Fischer von Erlach examined Bessler's wheel and must have been invited to the court by Karl - they couldn't just turn up uninvited. Professor 'sGravesend was also invited and I had always assumed that they were there to examine Bessler's wheel, but taking into account the fact that Papin had carried out experiments on the lake near to the castle, to build a steam-powered boat, I suspect they were there for another purpose. Leibniz had aided Papin in the development of a steam engine based on an invention by Thomas Savery, but this had proved problematic to construct. Details of the engine were published in 1707.
Both 'sGravesende and von Erlach, and indeed Desaguliers, were closely involved in the development of Captain Savery's engine, but this was eventually dropped in favour of the more powerful and reliable Newcomen steam engine. I suspect that Karl was motivated by thoughts of adapting either Newcomen's or Savery's engine to power the boat. To this end he sent Captain Weber to England in 1716 to obtain information on the Newcomen steam-engine, and he is also recorded as being the leader of the surveying team for a projected series of canals which were to enable Karlshafen to become an inland port. He was Karl's chief engineer and was charged with the task of draining the marshes to create canals. But Captain weber's efforts to try to learn the secrets of the Newcomen engine came to no avail, they were just as secretive as Bessler was.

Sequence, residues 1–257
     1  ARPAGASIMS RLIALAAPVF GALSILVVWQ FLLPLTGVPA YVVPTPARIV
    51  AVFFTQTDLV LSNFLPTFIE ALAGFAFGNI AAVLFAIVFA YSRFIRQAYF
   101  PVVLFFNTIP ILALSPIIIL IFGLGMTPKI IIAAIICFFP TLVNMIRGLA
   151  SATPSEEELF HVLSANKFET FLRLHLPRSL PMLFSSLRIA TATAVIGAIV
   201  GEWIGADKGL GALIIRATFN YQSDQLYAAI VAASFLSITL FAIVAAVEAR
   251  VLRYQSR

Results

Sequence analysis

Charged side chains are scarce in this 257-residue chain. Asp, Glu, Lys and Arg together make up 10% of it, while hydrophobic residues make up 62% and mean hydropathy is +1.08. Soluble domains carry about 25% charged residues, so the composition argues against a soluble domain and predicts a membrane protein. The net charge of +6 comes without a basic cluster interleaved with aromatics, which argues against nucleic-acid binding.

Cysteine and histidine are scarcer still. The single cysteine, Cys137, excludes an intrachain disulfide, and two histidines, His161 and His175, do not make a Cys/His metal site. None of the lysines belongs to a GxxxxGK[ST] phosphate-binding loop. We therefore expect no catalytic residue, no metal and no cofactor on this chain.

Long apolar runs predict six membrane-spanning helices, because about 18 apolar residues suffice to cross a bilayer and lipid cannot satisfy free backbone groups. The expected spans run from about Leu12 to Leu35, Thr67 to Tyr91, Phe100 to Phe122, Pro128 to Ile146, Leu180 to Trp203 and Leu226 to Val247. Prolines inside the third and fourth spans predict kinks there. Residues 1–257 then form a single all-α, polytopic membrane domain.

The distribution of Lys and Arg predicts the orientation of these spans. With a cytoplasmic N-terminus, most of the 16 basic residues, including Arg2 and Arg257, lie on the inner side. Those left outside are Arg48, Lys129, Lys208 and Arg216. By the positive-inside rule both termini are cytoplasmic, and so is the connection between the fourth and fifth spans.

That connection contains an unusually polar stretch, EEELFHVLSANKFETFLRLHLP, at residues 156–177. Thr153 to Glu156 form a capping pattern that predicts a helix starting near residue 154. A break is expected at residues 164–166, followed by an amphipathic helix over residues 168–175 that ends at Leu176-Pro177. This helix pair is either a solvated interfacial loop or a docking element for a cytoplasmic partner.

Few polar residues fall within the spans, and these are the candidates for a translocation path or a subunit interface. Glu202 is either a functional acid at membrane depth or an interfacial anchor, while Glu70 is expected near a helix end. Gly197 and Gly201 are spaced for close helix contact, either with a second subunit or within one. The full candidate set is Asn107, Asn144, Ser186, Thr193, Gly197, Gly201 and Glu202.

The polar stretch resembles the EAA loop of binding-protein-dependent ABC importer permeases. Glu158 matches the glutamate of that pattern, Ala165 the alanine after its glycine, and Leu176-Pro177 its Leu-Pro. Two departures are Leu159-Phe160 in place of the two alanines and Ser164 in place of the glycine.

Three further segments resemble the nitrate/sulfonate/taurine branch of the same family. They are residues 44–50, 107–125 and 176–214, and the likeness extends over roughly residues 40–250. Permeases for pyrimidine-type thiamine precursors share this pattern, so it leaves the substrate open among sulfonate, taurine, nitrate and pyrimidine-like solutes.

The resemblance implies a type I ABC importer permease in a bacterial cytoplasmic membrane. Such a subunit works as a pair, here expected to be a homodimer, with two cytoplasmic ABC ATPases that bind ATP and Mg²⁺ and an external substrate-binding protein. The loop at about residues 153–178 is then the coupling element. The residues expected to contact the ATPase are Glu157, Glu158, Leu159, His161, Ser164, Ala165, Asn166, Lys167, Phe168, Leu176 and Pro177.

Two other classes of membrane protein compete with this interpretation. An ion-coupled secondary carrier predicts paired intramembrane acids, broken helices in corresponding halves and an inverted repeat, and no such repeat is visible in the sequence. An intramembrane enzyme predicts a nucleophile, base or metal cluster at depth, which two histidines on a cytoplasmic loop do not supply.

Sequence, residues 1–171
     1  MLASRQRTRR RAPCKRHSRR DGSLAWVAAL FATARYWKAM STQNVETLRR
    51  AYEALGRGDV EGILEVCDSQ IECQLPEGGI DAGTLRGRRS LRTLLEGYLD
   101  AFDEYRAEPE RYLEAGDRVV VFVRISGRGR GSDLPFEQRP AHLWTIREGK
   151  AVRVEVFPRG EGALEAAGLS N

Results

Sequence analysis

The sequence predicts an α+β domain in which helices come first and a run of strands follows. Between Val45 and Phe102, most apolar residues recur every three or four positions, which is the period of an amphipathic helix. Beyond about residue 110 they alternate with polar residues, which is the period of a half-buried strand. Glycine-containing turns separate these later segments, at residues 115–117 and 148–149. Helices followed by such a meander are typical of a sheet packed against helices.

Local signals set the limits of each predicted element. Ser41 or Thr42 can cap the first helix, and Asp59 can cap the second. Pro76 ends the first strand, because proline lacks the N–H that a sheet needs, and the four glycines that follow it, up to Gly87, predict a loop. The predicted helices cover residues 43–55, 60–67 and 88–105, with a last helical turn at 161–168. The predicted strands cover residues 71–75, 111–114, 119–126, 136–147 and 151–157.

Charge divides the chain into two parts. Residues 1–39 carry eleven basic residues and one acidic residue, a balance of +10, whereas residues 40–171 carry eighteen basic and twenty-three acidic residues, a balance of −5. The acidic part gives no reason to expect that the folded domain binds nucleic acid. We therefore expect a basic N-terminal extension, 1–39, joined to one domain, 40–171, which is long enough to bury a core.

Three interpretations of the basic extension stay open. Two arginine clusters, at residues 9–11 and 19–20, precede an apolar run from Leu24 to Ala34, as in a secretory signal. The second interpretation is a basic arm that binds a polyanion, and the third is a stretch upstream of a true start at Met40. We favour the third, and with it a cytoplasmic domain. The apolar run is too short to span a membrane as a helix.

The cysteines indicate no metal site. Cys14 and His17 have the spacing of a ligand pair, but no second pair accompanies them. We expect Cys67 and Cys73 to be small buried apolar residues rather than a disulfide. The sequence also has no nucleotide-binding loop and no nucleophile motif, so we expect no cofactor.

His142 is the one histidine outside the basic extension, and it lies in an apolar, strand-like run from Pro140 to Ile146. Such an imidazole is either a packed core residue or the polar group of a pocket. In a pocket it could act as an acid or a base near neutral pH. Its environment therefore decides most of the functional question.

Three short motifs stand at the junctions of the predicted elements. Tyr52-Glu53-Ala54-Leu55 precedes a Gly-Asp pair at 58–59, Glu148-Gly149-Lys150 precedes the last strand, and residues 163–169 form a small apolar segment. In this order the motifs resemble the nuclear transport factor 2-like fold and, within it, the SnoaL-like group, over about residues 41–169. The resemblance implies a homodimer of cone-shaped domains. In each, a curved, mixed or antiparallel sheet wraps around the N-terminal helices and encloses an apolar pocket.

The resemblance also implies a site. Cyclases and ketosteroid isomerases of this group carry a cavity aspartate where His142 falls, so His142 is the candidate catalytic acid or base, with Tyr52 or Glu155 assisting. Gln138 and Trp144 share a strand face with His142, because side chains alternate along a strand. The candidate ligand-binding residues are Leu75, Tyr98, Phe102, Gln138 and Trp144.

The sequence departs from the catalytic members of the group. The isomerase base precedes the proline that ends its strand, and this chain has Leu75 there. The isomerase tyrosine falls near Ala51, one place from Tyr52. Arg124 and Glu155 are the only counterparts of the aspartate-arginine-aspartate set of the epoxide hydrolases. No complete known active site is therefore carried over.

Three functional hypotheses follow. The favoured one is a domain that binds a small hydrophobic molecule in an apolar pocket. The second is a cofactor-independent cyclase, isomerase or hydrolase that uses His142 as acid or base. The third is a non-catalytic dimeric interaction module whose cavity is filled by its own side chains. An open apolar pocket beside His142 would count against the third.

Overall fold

Steam-powered boats? new canals? Steam engines? Put them together and knowing that the cascade at Kassel was powered by four man-made lakes above the start of the cascade, and therefore did not require Bessler's wheel to pump water to the top, and you have the beginnings of an attempt to produce steam-powered boats designed to ply the canals bringing goods to and from Karlshafen. Perhaps Karl had considered the possibility of trying to adapt Bessler's wheel for use in a boat?